Early childhood allergy prevention: awareness, information-seeking behaviour, and information needs among different parent groups
Expectant parents look for health information for their child for various reasons, e.g. to find information on medical examinations or explore familial predispositions and respective risks for a certain disease. Aspects of health literacy (HL), information behaviour, and the availability and quality of information can significantly influence parents' ability to seek and use information. Research findings show that parents need sufficient HL, not least to filter high-quality information. For the development and implementation of good information and information channels, knowledge about the information behaviour and preferences of parents is needed, but evidence on these aspects is hardly available so far.
The objectives of this project are to explore:
- parental awareness, knowledge about and relevance of information specific to early childhood allergy prevention (ECAP) and handling of changing recommendations,
- needs and preferences regarding information search and content,
- approaches to information searches
- the influence of HL on information and prevention behaviour, and
- possible socio-cultural aspects.
The planning and implementation of this sub-project is being developed in close cooperation with and on the basis of the preliminary results of other sub-projects. With regard to target group perspectives, this subproject cooperates closely with "Health Professionals". There is also a connection with "Epidemiology“ regarding the influence of parental HL on information behaviour.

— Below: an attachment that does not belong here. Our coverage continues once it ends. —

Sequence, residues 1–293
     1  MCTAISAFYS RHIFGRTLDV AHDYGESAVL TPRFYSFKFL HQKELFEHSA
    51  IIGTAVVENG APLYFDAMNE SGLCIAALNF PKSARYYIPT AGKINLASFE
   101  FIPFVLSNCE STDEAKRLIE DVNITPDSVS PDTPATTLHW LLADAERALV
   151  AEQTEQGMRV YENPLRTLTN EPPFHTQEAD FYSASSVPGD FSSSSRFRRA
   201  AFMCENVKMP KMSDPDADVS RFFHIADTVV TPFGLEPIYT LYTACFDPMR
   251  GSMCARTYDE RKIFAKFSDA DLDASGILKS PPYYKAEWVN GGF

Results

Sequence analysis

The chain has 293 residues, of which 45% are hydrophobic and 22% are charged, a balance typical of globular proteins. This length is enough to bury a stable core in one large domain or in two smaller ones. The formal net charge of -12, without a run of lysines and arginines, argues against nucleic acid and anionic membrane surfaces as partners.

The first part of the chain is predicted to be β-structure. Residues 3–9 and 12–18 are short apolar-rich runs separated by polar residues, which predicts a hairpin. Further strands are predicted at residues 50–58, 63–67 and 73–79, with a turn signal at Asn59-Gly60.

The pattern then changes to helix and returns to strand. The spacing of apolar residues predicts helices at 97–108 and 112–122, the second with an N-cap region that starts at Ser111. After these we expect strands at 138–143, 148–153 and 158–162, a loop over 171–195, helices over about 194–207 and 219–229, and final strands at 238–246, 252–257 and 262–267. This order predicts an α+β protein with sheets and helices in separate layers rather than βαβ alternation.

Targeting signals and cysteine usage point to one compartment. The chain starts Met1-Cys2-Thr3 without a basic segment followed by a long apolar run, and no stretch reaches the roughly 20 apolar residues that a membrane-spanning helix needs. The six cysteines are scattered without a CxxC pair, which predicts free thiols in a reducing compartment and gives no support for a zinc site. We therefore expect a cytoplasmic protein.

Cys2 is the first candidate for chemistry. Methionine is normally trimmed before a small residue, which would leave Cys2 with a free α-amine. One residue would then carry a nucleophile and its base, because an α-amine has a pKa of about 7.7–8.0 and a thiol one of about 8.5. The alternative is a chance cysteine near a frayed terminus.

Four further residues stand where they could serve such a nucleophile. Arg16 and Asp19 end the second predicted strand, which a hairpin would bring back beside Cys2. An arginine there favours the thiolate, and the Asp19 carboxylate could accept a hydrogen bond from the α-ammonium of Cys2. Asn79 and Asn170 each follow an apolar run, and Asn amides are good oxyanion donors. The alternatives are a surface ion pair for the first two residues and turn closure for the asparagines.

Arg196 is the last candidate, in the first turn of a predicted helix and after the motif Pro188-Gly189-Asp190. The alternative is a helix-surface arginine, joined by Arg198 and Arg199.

The Covid19 pandemic has far-reaching consequences for the health and everyday lives of many people. Parents of young children not only have to take care of themselves, but also bear responsibility for their families. (Digital) health information has the potential to play an important and comprehensive role, for example in the implementation of protective measures, which is particularly challenging for children, or in the general reorganisation of everyday routines and social contacts. Finding, understanding, and using health information, as well as the availability and quality of information, can have a significant impact on parents' ability to use information. For the development and implementation of good information and information channels, knowledge about parents' information behaviour and preferences is needed, on which, however, only a few robust findings exist so far.
This sub-project investigates:
1) information behaviour and procedures in the search for information and the assessment of its quality,
2) how to deal with “infodemic” and misinformation,
3) the role of trust or mistrust in information and the factors influencing this,
4) reasons that influence the acceptance or rejection of rules, behaviours, proposals, etc., and
5) medium and long-term challenges specific to dealing with children